A huddle over market transparency … The SEC held a fixed income roundtable on Tuesday to discuss two important issues: market structure and ways to improve it for municipal and corporate bonds. The SEC has as much authority to regulate this market as it does for equity securities, and it appears to be finally flexing its muscles with a little structure for the $18.7 trillion fixed income market. I tweeted the roundtable all day (you can read the whole thread here), and I've posted the best ones here (parentheses are my editorial comments). – Reuters
Dominant Social Theme: Sunshine is the best disinfectant.
Free-Market Analysis: This seems to be an issue for analyzing the emergence of long-time dominant social themes. We've already written about the godhead of the Federal Reserve, the deification of Ben Bernanke and the illusory value of gold.
A subterranean battle is being waged between those globalists who want to run the world using fiat money and central banking as their mechanisms and those who want more freedom, less control and fewer monetary manipulations.
Since the control of the few by the many doesn't work, those who propose it have had to come up with other memes that explain the lack of success and promote alternative solutions.
We long ago identified the "transparency" meme as the dominant weapon in the elite's quiver of thematic counterattacks.
The transparency meme is a good one because on its surface it seems to answer a number of criticisms about government control. Is modern, mercantilist government failing? More transparency. Are various cures seen as heavy-handed? More transparency. Does corruption abound? Transparency is key.
When we dug into the matter, we found that Peter Eigen, the founder of Transparency International, the most important transparency organization worldwide, had worked for the World Bank. This is a fairly good indication of who's sponsoring this meme and why it is high on the agenda.
But the trouble is (of course) that it doesn't work. Transparency does NOTHING to alleviate any of the difficulties that it is supposed to address. Take the SEC, for instance – the subject of this latest exercise in transparency. This short article informs us not only that the SEC is addressing the issue but also that it is also earnestly seeking ways to implement more of it.
The author of this squib (it is only a paragraph) fleshes out her report with a series of tweets that she issues from the meeting itself. Here are some of them:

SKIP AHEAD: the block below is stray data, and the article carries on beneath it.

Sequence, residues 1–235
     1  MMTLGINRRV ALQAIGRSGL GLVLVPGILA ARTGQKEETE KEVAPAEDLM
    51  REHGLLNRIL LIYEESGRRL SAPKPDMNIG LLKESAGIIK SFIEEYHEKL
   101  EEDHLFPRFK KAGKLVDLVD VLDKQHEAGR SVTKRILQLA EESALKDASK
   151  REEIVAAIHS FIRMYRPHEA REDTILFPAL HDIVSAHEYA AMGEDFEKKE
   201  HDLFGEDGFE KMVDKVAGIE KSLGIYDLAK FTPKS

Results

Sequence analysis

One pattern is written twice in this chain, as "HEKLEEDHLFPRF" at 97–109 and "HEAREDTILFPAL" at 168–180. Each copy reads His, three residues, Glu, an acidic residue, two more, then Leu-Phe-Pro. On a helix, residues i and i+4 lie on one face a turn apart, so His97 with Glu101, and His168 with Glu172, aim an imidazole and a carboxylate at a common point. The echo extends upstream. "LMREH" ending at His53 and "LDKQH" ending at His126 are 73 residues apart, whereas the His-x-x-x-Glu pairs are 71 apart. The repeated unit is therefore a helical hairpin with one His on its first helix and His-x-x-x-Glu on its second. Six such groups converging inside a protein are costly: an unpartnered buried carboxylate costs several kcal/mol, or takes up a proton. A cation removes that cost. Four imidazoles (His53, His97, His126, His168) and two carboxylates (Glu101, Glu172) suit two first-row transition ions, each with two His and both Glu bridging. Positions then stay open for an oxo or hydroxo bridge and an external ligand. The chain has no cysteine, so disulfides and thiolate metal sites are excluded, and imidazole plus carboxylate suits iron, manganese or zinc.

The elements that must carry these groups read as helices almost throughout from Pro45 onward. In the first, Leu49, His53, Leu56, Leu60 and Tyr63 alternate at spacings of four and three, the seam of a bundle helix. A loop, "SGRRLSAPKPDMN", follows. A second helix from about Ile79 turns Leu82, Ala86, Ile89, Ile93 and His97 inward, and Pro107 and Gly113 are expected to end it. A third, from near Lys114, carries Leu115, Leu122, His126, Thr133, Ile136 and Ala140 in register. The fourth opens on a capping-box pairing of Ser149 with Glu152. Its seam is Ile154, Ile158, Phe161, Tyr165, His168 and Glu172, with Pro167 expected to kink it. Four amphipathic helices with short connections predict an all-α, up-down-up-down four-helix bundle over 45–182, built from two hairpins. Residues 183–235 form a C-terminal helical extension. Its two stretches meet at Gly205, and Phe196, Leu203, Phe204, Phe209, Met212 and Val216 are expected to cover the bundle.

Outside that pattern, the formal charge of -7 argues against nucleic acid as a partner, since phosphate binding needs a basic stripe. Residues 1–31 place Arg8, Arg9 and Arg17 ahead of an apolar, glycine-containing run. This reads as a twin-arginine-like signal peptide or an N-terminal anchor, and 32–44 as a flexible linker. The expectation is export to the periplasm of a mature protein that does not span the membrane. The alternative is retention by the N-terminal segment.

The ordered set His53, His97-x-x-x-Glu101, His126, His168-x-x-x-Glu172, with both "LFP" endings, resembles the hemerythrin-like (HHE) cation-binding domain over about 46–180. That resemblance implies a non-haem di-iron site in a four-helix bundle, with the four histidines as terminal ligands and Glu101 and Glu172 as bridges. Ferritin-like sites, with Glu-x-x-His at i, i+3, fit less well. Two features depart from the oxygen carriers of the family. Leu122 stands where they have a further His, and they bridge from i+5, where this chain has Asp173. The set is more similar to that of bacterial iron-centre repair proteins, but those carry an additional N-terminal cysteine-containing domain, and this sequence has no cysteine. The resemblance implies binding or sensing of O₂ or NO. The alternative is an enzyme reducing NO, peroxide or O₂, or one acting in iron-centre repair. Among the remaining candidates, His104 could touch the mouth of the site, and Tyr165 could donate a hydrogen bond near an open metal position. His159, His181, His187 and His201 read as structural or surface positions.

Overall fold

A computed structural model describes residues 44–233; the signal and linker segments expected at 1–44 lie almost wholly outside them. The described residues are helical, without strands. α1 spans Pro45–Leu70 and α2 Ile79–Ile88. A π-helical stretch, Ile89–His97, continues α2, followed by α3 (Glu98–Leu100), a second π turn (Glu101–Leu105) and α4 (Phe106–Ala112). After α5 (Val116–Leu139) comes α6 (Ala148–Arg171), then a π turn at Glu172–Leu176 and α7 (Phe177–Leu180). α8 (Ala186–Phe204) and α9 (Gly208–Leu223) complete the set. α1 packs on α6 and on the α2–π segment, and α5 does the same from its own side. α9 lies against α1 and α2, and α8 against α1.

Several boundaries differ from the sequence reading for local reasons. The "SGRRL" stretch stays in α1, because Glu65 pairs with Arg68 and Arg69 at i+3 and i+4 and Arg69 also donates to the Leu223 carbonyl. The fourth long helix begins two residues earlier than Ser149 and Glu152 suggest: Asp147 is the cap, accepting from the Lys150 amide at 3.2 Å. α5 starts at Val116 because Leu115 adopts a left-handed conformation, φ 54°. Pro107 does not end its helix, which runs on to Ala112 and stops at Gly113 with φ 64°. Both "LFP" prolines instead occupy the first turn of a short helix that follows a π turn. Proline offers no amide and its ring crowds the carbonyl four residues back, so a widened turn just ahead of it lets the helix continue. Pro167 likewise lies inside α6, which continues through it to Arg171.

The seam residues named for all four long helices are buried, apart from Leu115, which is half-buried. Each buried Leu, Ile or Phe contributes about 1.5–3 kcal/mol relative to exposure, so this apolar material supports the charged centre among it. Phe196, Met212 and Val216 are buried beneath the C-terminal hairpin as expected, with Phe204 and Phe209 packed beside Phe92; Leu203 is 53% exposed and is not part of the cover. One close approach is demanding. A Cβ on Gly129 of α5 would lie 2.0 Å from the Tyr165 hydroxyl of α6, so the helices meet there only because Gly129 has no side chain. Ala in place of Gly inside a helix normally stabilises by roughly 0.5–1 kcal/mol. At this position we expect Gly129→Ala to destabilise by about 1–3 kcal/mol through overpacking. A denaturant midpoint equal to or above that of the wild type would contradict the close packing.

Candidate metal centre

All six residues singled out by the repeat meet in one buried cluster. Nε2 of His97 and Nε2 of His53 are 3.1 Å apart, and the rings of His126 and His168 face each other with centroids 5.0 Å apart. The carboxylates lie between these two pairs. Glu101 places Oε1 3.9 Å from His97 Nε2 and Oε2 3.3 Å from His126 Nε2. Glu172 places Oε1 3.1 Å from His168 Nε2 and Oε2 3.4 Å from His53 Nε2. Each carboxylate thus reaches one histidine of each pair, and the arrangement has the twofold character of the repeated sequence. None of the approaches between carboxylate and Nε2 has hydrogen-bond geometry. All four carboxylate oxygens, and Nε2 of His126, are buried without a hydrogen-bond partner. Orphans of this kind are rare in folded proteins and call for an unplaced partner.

Good sign… new @sec chair Mary Jo White is attending the Fixed Income Roundtable 1.usa.gov/15cEjRm — Cate Long (@cate_long) April 16, 2013
SEC Walters: "Why have the technology advancements of fixed income not flowed to retail investors?" #muniland — Cate Long (@cate_long) April 16, 2013
SEC Walters: "Dealers trade selectively with counterparties" "Lack of pricing transparency" #muniland — Cate Long (@cate_long) April 16, 2013
SEC Commissioner Gallagher: "Nothing has been given shorter shrift than our oversight of fixed income markets" #muniland — Cate Long (@cate_long) April 16, 2013
MSRB Real Time Trade Reporting System (RTRS) went live in 2005 and dealers had to report trade prices which were rebroadcast to market. — Cate Long (@cate_long) April 16, 2013
Municenter's Vales: Big advancement was the posting of real time inventory on ATS (alternative trading systems). — Cate Long (@cate_long) April 16, 2013
Municenter's Vales: E-trading makes bonds more accessible. Lot of advisors who used to use mutual funds starting buying single bonds. — Cate Long (@cate_long) April 16, 2013 …
Wells Fargo: When I started in biz 30 years we only priced bonds once a month. Now everyone has online statements. Clients tracking daily. — Cate Long (@cate_long) April 16, 2013
Did you read through all these tweets or did your eyes glaze over? The reality is that SEC officials are holding yet another meeting to examine another "problem" that shall never be solved, or certainly not by market transparency.
We ended with the Wells Fargo tweet because it is especially revealing. The Wells Fargo rep apparently states that 30 years ago bonds were only priced once a month (though surely the actual prices fluctuated throughout the month).
The point here is that daily, hourly or even minute-to-minute bond pricing hasn't alleviated any of the difficulties associated with such markets. Bonds still crash regularly and a mortgage bond crash is said to have triggered the Great Financial Crisis of 2007-2008.
Presumably you could have pricing of various instruments from nano-second to nano-second and it would make no difference. The problem that affect bonds, stocks and all other securities instruments is a MONETARY one. Central banks overprint, blow up markets and investors are fooled into investing before losing … everything.
After the proverbial dust settles, and the criticism of the authorities has somewhat subsided, the regulators poke their heads out of their respective acronym-heavy burrows and cautiously begin to hold confabs debating various "fixes."
High on the list, usually, is transparency. The SEC itself is based on the idea of transparency. It is just nonsense, of course. The only transparency worth a damn is the one offered by the Invisible Hand.
Count on nothing else, but leave markets alone and let competition and the private sector sort it out. Of course, this would entirely undercut the rationale for regulatory democracy – which is based on the idea that market failure requires regulatory wise men.
One hundred years of regulatory history has shown this is not a workable solution, however. Are there any others? Apparently not …
Have you heard the SEC is holding a confab on transparency?
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